The Short Version: Behind an unassuming fancy travel agency on Park Avenue, down a very deep elevator shaft, sits the headquarters for the Regional Office – a team of highly-trained, highly-talented female assassins. And today, the Regional Office is under attack – by a team of traitors and defectors – and defended only by a few office drones and one woman with a mechanical arm.
The Review: I’m so incredibly happy that this book exists. You probably know if you’re the sort of person who’ll like this book just from looking at the cover – a sense of silliness, of unabashed fun, pervades the thing and the exclamation point in the title evokes genuine excitement. What is the Regional Office? Why is it under attack? What adventures lie in wait for intrepid readers like me? I’ve been asking these questions ever since spotting this on a list of upcoming Riverhead books some time ago and I’m thrilled to say that the answers pretty much met all the hopes I’d been building up inside.
The best analog I can think of for this book, if you need a hook to hang your hat on, would be if Nick Harkaway wrote Kill Bill. I’m a huge fan of Harkaway and that started with his ambitiously insane The Gone-Away World, which was a kitchen-sink-novel of inventive silliness – and I got the same frisson of excitement from The Regional Office is Under Attack! and its go-for-broke invention. I raced through the book in the space of one very lazy weekend and my great wish is that it was longer – that we got to know more about the world that houses not only a Regional Office but other teams similarly structured. I want to know more about Gemini and her battles with Harold Raines, about the use of magic in this world, about the daily lives of the operatives… Indeed, if i had one true complaint with the book, it’s that sometimes the scope of inquiry felt too narrow: Gonzales hints at the wider world just enough to make you irked that he didn’t go further. That having been said, that’s a nice complaint to have, no?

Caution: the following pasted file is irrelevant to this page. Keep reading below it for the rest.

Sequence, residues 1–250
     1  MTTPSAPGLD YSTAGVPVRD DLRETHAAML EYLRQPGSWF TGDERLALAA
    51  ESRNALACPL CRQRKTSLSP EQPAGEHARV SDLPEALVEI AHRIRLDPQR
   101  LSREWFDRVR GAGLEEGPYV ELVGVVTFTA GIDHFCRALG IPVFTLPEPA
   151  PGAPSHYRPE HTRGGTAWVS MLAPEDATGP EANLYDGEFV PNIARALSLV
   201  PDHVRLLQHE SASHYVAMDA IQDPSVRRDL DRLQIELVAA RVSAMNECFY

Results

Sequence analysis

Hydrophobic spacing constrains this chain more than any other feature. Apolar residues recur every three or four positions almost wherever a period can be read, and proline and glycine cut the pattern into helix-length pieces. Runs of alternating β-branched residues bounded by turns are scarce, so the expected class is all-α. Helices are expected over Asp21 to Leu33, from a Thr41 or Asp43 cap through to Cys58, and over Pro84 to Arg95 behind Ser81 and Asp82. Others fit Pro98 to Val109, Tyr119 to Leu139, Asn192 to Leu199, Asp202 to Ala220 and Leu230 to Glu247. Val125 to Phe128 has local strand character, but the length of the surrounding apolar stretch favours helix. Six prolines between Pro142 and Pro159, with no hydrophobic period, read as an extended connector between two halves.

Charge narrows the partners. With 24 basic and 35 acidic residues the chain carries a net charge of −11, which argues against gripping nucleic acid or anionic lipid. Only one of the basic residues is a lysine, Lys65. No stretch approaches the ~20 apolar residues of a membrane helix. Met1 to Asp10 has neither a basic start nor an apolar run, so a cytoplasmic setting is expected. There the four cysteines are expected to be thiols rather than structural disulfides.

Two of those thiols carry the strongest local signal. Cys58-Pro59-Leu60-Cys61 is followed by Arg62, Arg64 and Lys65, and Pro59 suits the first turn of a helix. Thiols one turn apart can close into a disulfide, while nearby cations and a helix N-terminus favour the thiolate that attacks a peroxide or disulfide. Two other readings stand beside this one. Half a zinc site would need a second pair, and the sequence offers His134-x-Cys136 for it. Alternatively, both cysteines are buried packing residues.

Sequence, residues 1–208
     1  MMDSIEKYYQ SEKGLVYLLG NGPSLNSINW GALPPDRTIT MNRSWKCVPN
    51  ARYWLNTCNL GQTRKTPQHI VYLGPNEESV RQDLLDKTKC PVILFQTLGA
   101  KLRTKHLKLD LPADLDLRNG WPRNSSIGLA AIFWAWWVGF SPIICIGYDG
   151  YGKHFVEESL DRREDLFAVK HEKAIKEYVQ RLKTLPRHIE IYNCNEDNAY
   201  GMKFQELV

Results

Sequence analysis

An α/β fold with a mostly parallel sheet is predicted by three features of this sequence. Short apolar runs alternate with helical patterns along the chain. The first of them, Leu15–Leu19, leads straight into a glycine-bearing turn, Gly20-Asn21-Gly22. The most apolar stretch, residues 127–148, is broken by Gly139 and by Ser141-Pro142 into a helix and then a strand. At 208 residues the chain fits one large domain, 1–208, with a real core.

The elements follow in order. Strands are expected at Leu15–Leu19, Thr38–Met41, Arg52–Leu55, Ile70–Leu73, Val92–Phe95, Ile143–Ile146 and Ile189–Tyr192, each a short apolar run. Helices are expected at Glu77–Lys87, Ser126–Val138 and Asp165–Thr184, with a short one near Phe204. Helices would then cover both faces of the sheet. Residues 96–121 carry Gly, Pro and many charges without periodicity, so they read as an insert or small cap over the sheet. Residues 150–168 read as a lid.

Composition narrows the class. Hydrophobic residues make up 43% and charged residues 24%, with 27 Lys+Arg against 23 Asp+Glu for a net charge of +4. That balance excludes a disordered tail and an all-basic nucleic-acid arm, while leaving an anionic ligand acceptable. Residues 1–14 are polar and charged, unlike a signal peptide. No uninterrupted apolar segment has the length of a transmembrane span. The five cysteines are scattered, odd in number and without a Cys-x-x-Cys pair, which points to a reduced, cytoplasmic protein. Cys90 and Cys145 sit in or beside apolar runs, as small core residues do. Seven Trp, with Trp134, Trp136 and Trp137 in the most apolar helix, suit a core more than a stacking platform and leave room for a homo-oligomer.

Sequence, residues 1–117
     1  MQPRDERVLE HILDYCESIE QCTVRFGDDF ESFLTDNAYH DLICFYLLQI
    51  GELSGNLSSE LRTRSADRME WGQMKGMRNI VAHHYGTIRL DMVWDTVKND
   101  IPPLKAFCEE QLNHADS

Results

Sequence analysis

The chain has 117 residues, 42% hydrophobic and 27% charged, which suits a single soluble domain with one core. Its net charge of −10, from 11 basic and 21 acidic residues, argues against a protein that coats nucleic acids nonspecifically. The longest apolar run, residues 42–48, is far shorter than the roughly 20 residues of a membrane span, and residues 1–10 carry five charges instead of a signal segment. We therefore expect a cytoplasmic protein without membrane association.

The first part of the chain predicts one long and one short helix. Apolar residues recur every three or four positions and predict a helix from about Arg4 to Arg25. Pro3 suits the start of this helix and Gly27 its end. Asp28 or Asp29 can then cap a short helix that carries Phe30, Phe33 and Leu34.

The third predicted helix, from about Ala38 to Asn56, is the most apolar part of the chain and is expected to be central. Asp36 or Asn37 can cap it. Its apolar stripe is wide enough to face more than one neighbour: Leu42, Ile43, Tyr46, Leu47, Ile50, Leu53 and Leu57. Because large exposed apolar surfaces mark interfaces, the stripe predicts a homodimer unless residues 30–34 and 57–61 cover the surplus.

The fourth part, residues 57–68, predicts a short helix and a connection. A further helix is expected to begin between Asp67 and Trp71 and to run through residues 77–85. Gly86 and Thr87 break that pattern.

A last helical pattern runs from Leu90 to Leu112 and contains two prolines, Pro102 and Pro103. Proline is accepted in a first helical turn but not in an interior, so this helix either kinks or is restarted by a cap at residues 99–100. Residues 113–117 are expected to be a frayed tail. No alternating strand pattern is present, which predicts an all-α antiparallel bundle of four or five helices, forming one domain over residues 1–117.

The novel also engages in some formal derring-do, with a recurring white paper (sharing the name of the novel but with the classy & hilarious subtitle: “Tracking the Rise and Fall of an American Institution”) that pops up between sections of the novel as well as a second-person-plural interlude that reminded me of Joshua Ferris’ Then We Came to the End except that it had a lot more violence and achieved the same narrative trickery over way fewer pages. It’s this latter feat that most impressed me, because of how unexpected it was (arriving in the middle of the novel and diverting focus, to a large extent, from the A-plot) and how captivating it was. The story of the novel, essentially, is that the Regional Office is under attack (obviously, I guess) from a team of commandos who’ve broken in one ordinary workday morning. The office drones, whether or not they were aware of the organization they provided a front for, are held hostage and their numbers slowly dwindle – it’s deeply affecting stuff and the reader does feel like a part of the group, just as scared as they are. I appreciated that Gonzales wasn’t just smashing things up with super-human combatants but giving us the ordinary-eye view, humanizing the conflict in a way that all too few storytellers think to do.